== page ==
You’ve adopted a dog… and now it’s time to introduce him to your neighbors! Here’s how to make sure he’s on his best behavior.
There are many dog lovers in the world, but not everyone is as comfortable or happy around dogs as you might expect. While introducing your new dog to neighbors may seem like a stressful task, there are some simple tactics you can use to ensure that your pup is neighbor friendly.
Keep it casual
One simple way to help your dog get used to his new surroundings and become familiar with the neighbors is to go out for a walk. Say hello to your neighbors and introduce your dog from a distance to start. This is also a good opportunity to find and meet other dogs in the community, as well as help ease any tensions or concerns that your neighbors might have about a dog living in their neighborhood.
Train your dog
If you have a well-trained dog, life will be much easier. Ensure that you take the time and effort early on to train your dog. Using positive reinforcement, teach him not to bark or growl at passing neighbors. Excessive barking and aggression are habits built over time, so do your best to shut them down at the onset. Above all, make sure that your dog knows never to jump up on a neighbor.
Get plenty of exercise
Make sure that you go for at least one daily walk with your dog. Dogs who get plenty of exercise are much happier and much more tired! No matter the age of your dog, both of you will benefit from a walk. It will allow you to bond, as well as to help familiarize your dog with the scents and people of the neighborhood. Most veterinarians recommend aiming for 30 to 60 minutes of exercise each day. This is even more important if you have an energetic pup. A healthy and well-exercised dog will be less likely to develop behavioral problems.
Ensure your dog is secure
A secure fence will let your dog play and run around safely on your property, while also keeping other pets and people out. Whenever you leave, make sure your dog is safely in your home to prevent him from wandering around your neighborhood. Additionally, you should always make sure that your dog is on a leash when you go out into the community. It will allow you to have good control, enabling you to display consideration towards your neighbors and members of the community who may not be as fond of dogs.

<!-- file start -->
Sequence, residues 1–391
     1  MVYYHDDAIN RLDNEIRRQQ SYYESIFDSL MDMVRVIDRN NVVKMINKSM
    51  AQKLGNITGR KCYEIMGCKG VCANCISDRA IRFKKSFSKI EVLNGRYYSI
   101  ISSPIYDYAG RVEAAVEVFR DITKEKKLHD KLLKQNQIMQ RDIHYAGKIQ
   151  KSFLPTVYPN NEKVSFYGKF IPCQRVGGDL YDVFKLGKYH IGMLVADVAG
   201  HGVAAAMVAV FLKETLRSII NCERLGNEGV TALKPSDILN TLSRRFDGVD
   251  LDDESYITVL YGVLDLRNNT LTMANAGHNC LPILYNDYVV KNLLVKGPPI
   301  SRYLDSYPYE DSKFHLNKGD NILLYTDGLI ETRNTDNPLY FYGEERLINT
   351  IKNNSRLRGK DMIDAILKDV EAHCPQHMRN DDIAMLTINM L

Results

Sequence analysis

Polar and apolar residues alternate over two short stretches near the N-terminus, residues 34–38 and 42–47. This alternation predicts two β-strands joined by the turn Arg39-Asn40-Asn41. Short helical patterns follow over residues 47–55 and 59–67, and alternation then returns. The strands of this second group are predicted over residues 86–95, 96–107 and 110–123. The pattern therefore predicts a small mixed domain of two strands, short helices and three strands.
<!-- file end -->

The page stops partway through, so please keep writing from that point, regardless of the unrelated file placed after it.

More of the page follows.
Treat children with caution
Children can frighten dogs, causing unwanted behavior. Younger children especially don’t always know the best way to interact with dogs, and between the tail-grabbing and ear-pulling, can put your dog in a stressful situation. Always check that a parent is with a child that’s approaching your dog, especially if they want to pet him. Remember, you know your dog best, so approach children with your dog at your discretion.
Reward good behavior
As part of training your dog, make sure that you reward him for good behavior. Whether that’s a tickle behind the ears, a treat or some kind words, these positive reinforcements can be very effective. Equally, make sure that any aggressive behavior is not tolerated. If your dog behaves aggressively, remove him from the situation immediately.
Get feedback from neighbors
Check in with your neighbors occasionally to find out how things are going from their perspective. It can particularly helpful to find out how he’s behaving when you aren’t around – can they hear him barking in the house? Asking for your neighbor’s feedback can help you diffuse any tension and resolve issues before they turn your friendly neighbors into foes.